August 2018: The Month I Read All the Library Books

You all are probably sick of hearing me talk about it by now, but I start graduate school for Library and Information Science in September. Which means I have a month before I go back to being a full-time student after two years outside of a classroom (I’m already having nightmares from anxiety).

Since I am currently in between temp assignments and focusing on part-time work, I will have (hopefully) enough free time to visit my local library until the semester starts. I don’t know how much I will have as a graduate student. That is why all the books on this rather ambitious TBR are library books. It seems only fitting, since I am going back to school to be a librarian. There are others books I already own I hope to get to, but for now the books from the library are ones I am focused on.

The library books I plan to read in August of 2018 are:


The Poppy War by R.F. Kuang


The Poppy War is one of those books that seemed to come out of nowhere and, suddenly, everyone on BookTube and the blogs are talking about it. Inspired by events of Chinese history, the novel follows a young woman enlisted into an elite military academy in the Empire and discovers her talents could help end a war threatening to tear the kingdom apart.

With all the books I wanted to read, The Poppy War had to take a back seat, at least at first. You all might be surprised to know what drew me to ultimately pick up the novel was certain events happening are inspired by The Rape of Nan King. I actually learned that in my junior year of high school, which was my favorite history class I ever took in school. So I already know how disturbing it is. I am mentally preparing myself the best I can for whatever The Poppy War can dish out at me.


Listen to Your Heart by Kasie West


Besides being an iconic summer author, I checked out two of Kasie West’s books this month because they are cute, fluffy, and breezy reads, good to have to balance out the rest of my TBR.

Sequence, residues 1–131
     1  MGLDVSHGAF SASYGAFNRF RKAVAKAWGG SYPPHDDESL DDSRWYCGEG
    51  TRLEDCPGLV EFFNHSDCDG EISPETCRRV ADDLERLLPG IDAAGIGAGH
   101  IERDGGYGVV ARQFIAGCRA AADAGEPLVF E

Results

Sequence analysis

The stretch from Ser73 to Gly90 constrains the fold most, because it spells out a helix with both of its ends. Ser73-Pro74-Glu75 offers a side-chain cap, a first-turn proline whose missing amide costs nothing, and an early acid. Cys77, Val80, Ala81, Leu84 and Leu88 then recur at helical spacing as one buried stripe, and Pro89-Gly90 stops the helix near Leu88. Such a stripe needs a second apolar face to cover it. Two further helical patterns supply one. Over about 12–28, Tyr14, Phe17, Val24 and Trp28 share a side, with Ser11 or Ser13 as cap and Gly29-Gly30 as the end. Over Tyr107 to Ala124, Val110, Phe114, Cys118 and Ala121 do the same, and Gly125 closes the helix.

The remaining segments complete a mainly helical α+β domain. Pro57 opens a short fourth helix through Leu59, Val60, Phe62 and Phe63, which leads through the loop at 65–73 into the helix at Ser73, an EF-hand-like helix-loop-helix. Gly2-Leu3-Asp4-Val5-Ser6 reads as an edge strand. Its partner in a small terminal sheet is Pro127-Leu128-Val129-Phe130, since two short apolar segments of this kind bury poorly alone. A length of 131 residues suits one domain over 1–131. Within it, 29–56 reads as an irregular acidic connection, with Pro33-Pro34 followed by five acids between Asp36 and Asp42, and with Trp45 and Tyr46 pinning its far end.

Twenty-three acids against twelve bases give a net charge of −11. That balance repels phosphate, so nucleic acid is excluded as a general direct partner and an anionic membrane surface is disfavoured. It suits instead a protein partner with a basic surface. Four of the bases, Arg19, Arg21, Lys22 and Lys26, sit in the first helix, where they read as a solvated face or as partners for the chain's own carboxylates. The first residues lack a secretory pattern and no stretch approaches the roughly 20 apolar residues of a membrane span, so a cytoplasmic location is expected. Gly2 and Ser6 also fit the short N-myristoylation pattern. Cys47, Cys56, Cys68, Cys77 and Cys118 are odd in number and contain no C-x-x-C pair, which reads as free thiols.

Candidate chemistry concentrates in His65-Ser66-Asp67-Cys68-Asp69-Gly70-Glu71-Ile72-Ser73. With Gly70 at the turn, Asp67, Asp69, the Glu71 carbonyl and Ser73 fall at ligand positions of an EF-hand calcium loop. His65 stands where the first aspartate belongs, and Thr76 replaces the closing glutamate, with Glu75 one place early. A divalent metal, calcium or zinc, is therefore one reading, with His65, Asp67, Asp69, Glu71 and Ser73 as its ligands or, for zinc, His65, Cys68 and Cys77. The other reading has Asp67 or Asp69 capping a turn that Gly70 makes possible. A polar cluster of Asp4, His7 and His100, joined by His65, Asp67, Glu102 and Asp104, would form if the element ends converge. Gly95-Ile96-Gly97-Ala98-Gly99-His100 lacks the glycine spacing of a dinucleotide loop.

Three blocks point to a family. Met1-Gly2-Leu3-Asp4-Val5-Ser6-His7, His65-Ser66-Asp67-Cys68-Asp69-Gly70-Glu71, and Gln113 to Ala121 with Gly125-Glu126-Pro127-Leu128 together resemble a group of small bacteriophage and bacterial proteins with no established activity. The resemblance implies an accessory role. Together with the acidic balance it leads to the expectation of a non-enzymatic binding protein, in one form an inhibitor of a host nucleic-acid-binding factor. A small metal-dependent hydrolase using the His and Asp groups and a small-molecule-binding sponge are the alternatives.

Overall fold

The first Kasie West book, Listen to Your Heart, follows Kate, who gets reluctantly pulled into a podcast class by her best friend Alana. To her surprise, she gets chosen as a host and finds she has a talent for giving advice on the air. Then, an anonymous guy calls in, seeking help for his unnamed crush. Kate is positive it is her classmate Diego talking about Alana. But when she starts falling for Diego as well, she learns that taking your own advice is harder than giving it away.


The Last Time I Lied by Riley Sager


I read Riley Sager’s debut novel, Final Girls, last year and, unfortunately, didn’t love it as much as I wanted to. But I enjoyed his writing style enough to want to keep picking up his books. I must admit, between The Last Time I Lied and Final Girls, the plot of the former intrigues me more.

In The Last Time I Lied, protagonist Emma is still haunted by the disappearance of her three cabin mates, Vivian, Natalie, and Allison, fifteen years ago from Camp Nightingale. When the founder asks her to return to the newly reopened camp, she jumps at the chance to finally get closure as to what happened to her friends. But the only security camera in the camp is pointed directly at Emma’s cabin, the same one she slept in all those years ago, and clues left behind by Vivian detailing the camp’s mysterious origins start to make her wonder if the truth is better off buried.


People Like Us by Dana Mele


After finishing season 2 of Thirteen Reasons Why on Netflix, I had a craving for more dramatic young adult mysteries. While browsing the new additions shelf in the young adult section of my local library, I saw People Like Us. I knew a little bit about it from YouTube, so this was exactly what I was looking for.

Kay Donovan is the new girl at Bates Academy and has reinvented herself as this star soccer player that rules the school with her other popular friends. Then, the body of Jessica Lane is pulled out of a lake and she has left Kay an email threatening to expose the secret Kay has been hiding from everyone if she does not do what the dead girl says. Following the clues, Kay is soon wrapped up in a murder investigation and no one, including her, is above suspicion.